Search Images Maps Play YouTube News Gmail Drive More »
Sign in
Screen reader users: click this link for accessible mode. Accessible mode has the same essential features but works better with your reader.

Patents

  1. Advanced Patent Search
Publication numberUS7745237 B2
Publication typeGrant
Application numberUS 11/626,402
Publication dateJun 29, 2010
Filing dateJan 24, 2007
Priority dateJan 24, 2006
Fee statusPaid
Also published asCN100536073C, CN101009218A, EP1811337A2, EP1811337A3, US20070172967
Publication number11626402, 626402, US 7745237 B2, US 7745237B2, US-B2-7745237, US7745237 B2, US7745237B2
InventorsSouichi Katagiri, Yasunari Sohda, Masahiko Ogino
Original AssigneeHitachi, Ltd.
Export CitationBiBTeX, EndNote, RefMan
External Links: USPTO, USPTO Assignment, Espacenet
Pattern forming method and pattern forming system
US 7745237 B2
Abstract
Method of forming a pattern by a nanoimprint technique starts with preparing a mold with nanostructures on its surface. The mold is pressed against a substrate or plate coated with a resin film. The positions of alignment marks formed on the rear surface of the plate coated with the resin film are detected. Thus, a relative alignment between the mold and the plate coated with the resin film is performed.
Images(9)
Previous page
Next page
Claims(17)
1. A pattern forming method for forming a pattern by pressing a mold with nanostructures on its surface against a plate coated with a resin film by the use of nanoimprinting, said method comprising the steps of:
performing a relative alignment between the mold and the plate coated with the resin film by detecting positions of alignment marks formed on a rear surface of the plate coated with the resin film;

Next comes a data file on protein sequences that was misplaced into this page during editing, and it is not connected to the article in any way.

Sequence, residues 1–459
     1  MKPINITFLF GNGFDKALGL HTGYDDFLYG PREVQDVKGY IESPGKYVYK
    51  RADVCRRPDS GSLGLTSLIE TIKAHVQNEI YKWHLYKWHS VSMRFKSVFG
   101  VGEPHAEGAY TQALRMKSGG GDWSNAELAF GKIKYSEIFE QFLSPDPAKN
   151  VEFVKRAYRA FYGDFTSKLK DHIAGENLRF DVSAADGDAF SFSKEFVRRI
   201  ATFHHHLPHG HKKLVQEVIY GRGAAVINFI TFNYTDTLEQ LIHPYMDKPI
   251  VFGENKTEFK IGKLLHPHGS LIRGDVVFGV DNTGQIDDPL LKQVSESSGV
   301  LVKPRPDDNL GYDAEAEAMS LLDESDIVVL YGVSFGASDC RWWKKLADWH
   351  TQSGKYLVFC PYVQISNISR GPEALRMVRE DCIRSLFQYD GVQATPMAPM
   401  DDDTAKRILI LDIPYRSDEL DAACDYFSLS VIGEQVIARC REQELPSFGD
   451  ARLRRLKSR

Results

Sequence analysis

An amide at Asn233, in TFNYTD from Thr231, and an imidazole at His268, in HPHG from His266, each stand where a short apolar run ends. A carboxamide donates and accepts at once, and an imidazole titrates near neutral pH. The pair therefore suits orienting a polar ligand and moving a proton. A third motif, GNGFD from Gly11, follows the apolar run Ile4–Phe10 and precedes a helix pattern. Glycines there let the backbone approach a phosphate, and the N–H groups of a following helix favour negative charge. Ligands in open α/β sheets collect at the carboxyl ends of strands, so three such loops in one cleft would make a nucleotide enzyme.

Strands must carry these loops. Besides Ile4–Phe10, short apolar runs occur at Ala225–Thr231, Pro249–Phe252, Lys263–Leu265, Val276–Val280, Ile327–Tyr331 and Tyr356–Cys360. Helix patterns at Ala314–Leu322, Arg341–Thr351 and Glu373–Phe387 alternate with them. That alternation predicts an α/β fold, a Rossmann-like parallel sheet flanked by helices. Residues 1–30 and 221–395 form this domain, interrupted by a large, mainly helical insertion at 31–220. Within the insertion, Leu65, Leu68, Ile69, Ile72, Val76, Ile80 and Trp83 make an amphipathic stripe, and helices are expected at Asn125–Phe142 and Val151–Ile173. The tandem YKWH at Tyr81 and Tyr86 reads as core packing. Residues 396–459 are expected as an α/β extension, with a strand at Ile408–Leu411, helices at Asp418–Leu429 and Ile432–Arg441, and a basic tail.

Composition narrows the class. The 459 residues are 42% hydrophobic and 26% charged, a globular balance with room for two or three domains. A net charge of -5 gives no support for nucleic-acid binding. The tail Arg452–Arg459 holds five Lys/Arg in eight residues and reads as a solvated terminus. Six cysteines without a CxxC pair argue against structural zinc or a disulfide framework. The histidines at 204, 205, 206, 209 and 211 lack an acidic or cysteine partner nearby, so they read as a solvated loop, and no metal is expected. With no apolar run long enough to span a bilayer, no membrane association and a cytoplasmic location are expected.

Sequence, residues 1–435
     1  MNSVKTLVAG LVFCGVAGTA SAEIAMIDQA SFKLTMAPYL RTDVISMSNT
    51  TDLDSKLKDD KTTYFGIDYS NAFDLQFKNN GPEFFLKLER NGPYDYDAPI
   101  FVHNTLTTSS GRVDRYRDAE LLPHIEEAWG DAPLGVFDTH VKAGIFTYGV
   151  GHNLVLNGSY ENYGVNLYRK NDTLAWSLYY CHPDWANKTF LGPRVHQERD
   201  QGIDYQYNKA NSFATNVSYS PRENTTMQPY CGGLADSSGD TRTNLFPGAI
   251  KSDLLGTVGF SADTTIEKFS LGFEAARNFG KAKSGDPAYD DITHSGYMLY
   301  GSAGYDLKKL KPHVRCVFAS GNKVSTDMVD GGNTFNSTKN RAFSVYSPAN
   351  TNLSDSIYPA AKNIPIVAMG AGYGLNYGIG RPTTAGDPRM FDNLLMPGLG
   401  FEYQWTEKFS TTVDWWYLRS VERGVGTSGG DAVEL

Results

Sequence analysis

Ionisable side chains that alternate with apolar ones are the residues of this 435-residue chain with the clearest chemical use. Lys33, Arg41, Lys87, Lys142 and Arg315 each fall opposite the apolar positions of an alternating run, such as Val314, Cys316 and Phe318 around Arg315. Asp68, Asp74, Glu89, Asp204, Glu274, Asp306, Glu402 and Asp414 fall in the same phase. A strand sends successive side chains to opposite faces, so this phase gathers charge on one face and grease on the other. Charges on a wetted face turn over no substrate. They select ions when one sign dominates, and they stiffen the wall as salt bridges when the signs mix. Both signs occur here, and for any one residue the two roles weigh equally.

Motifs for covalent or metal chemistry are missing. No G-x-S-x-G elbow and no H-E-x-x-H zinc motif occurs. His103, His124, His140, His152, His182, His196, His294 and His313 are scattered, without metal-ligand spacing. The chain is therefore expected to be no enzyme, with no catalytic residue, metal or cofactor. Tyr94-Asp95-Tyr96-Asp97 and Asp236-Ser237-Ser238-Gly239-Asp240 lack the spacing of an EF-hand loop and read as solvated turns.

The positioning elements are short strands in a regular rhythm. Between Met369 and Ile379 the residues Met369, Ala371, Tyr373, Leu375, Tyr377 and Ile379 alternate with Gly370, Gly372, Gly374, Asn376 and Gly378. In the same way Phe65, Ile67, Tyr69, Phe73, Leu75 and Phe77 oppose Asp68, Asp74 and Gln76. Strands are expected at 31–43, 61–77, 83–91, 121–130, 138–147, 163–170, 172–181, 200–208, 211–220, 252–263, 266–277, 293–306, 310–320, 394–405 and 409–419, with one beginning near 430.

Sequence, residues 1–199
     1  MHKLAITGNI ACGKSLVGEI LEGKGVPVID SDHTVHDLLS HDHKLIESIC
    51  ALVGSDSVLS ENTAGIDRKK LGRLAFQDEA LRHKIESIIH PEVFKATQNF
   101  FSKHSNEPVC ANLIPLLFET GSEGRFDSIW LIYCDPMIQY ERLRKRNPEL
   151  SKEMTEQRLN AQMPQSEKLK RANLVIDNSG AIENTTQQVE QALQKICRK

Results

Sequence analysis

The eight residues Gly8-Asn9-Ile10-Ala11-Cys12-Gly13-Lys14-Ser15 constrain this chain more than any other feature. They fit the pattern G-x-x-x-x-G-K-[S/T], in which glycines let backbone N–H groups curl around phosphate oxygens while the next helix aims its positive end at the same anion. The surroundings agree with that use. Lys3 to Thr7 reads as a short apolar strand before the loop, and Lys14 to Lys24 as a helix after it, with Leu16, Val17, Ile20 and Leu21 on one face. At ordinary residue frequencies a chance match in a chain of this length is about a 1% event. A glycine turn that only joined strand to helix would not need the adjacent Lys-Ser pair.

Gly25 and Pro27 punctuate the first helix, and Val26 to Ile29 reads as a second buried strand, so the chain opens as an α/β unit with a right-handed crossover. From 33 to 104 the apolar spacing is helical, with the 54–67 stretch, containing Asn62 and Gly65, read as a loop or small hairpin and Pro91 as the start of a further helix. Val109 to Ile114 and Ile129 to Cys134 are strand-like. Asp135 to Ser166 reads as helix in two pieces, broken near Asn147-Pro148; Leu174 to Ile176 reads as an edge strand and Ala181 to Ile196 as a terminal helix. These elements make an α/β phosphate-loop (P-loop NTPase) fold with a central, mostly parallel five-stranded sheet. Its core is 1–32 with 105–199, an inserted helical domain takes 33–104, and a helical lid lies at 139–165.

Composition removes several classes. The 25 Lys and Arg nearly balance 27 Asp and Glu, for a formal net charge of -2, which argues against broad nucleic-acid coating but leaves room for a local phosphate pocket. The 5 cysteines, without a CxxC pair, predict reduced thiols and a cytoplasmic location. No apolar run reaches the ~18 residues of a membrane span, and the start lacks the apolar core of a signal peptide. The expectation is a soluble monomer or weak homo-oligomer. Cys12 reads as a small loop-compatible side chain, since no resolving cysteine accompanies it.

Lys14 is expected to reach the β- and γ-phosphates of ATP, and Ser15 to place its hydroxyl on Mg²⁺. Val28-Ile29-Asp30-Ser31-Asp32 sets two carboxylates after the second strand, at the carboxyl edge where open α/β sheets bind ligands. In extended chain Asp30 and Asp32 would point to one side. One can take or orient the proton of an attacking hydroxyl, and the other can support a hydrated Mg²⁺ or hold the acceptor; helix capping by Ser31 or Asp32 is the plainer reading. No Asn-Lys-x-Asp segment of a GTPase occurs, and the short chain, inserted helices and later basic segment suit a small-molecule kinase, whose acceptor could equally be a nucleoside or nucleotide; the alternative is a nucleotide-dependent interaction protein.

measuring a distance between the mold and the plate coated with the resin film;
stopping the mold immediately before it comes into contact with the plate coated with the resin film;
aligning a relative position between the mold and the plate coated with the resin film within a plane in which the nanostructures will be formed; and pressing the mold against the plate coated with the resin film while maintaining the relative position.
2. A pattern forming method as set forth in claim 1, wherein said step of measuring a distance between the mold and the plate coated with the resin film is carried out by illuminating the alignment marks that assume a line-and-space pattern formed on the mold with a beam arising from a light source made of a laser with a given periodic pitch and determining the distance of the mold to the plate coated with the resin film using zeroth-order diffraction light out of diffraction light reflected from the alignment marks.
3. A pattern forming method for forming a pattern by pressing a mold with nanostructures on its surface against a plate coated with a resin film by the use of nanoimprinting, said method comprising the steps of:
performing a relative alignment between the mold and the plate coated with the resin film by detecting positions of alignment marks formed on a rear surface of the plate coated with the resin film;